Archive for the ‘David Cameron’ Category

The 10-year challenge is catnip to narcissists. Speaking of which … | John Crace

Also this week: the two-horse race for worst PM of all time, and Piers Morgan being a snowflake

Take your pick. Either Gillette must be struggling to believe their luck or their marketing bods have done a brilliant job creating a backlash to their new advert to send it viral. I’ve watched it several times now and I’m still struggling to see what all the fuss is about. It’s basically just a slick sales pitch in which men are shown they can learn how to behave decently towards women and not bully each other, providing they shave regularly and don’t grow beards. Hardly controversial you would have thought, but it’s enough to have sent some rightwing organisations and Piers Morgan into a meltdown. For someone who has built a career out of saying the outrageous, Morgan has turned out to be a bit of a snowflake himself. He immediately announced he was boycotting all Gillette products because the advert was an affront to masculinity. Men should be allowed to be real men. Gillette must be gutted to lose his business. But it makes you wonder what kind of advert would make Morgan happy. Perhaps one where a man lies in bed while his wife gets the children up, before going to the bathroom where he farts loudly while shaving. He smiles, because that’s the best a man can get.

Continue reading...

Look, David Cameron has got his trotters up – again

First, there was the 20 grand shed shed. Now he’s back from a £1,700 a night luxury resort. If only he would show the slightest remorse for Brexit

Has there ever been a more devastating analysis than Danny Dyer’s of our former prime minister? It’s the final word in the nation’s ultimate caption competition: David Cameron sitting on the steps of his 20 grand shed. Trotters up. Here he is again, as tanned as classy furniture, on his way home from a sun-soaked (© the Mirror) £1,700 a night luxury resort in Costa Rica. I want to know what you get for that kind of money. But first, the urgent business – trotters up.

I thought the image to end them all was Caitlin Moran’s, when she said before the 2010 election that he looked like a C3PO made of ham. That was a calmer era, when we had space to be multidimensional. You have to delve into your robot knowledge and separate C3PO from R2D2 to really appreciate its accuracy. No time for that now. There he is. In Waitrose, with his trotters up.

Continue reading...

After this staggering defeat for May, our island is left lost and adrift | Jonathan Freedland

The prime minister’s catalogue of errors led us to this point. Now we face paralysis and humiliation

This was a defeat on a scale without precedent in the era of universal suffrage, a rebuff more humiliating than any endured even by Ramsay MacDonald in 1924. Some 118 Conservatives voted against the signature policy of their own government, thereby triggering a motion of no confidence that, in any normal era, would see the government toppled within hours.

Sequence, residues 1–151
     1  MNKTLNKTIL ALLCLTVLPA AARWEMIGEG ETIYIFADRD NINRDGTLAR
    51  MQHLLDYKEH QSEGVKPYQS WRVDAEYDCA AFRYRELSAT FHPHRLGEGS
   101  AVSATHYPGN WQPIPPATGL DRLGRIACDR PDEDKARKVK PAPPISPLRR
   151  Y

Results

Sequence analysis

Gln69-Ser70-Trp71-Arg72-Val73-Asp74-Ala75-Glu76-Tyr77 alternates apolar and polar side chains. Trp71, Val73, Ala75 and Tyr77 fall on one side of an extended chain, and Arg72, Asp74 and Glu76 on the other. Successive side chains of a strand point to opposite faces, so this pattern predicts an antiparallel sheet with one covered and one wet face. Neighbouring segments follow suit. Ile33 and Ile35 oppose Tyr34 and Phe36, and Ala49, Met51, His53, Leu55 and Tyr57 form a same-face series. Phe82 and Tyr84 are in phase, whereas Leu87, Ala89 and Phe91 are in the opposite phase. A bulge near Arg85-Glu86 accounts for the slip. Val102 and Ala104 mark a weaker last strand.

But such are these extraordinary times, that isnot even the most significant story from Westminster tonight . What matters more than the fate of this government or this prime minister is the fate of the country and its decision to leave the European Union, which is now suspended in a state of limbo if not purgatory. The law says Britain will leave the EU in 70-odd days. Yet tonight it has rejected the only firm exit path that exists. It means that, unless something changes and MPs can reach an agreement with each other, Britain will crash out of the EU on March 29 without a deal – an outcome all but the most wild-eyed Brexiteers regard as an economic and social catastrophe for these islands.

Continue reading...

David Cameron and the art of blaming other people | David Mitchell

No one can accuse the former Tory prime minister of being power hungry. What he’ll be remembered for is passing the buck

David Cameron really loved organising votes for things, didn’t he? That was his answer to everything. I was reminded of this when I read that the elected police and crime commissioners, which his government introduced to oversee the constabularies of England and Wales, aren’t doing a very good job. According to the head of the National Crime Agency, they’re all about stopping speeding and burglary, and not so hot on organised crime, online child abuse and modern slavery.

It’s not surprising. Making some local elected officials the overseers of the police is effectively putting the Neighbourhood Watch in charge of law enforcement strategy. They’re going to address the issues most noticeable to the very small percentage of people who might turn out to vote for them. If they were in charge of healthcare, all the money would go to treating RSI caused by overenergetic net-curtain twitching. Their best chance of arresting a mafia boss is if he plays the music too loudly at his Christmas party.

Continue reading...

Don’t give in to the age of fatalism. Fight back and secure your future | Nick Cohen

Intellectuals, take note: new ideas to oppose populism won’t emerge from the lecture hall

Anyone reading the outpouring of writing the global crisis has provoked must be prepared for anticlimax. There are hundreds of denunciations of Trump’s America, Brexit Britain and the Putinesque dictatorial “democracies” appearing everywhere from Hungary to Venezuela, Turkey to the Philippines.

You turn to the final chapter expecting to hear how to fight back and… answer comes there none. The endnotes flash by, the index rolls and that’s that. You should not be surprised. The global order that developed in the 1980s has failed and to date the only replacement on offer has been authoritarian nationalism that will impoverish and diminish its supporters as much as its opponents.

Continue reading...
Powered by WordPress | Designed by: index backlink | Thanks to insanity workout, car insurance and cyber security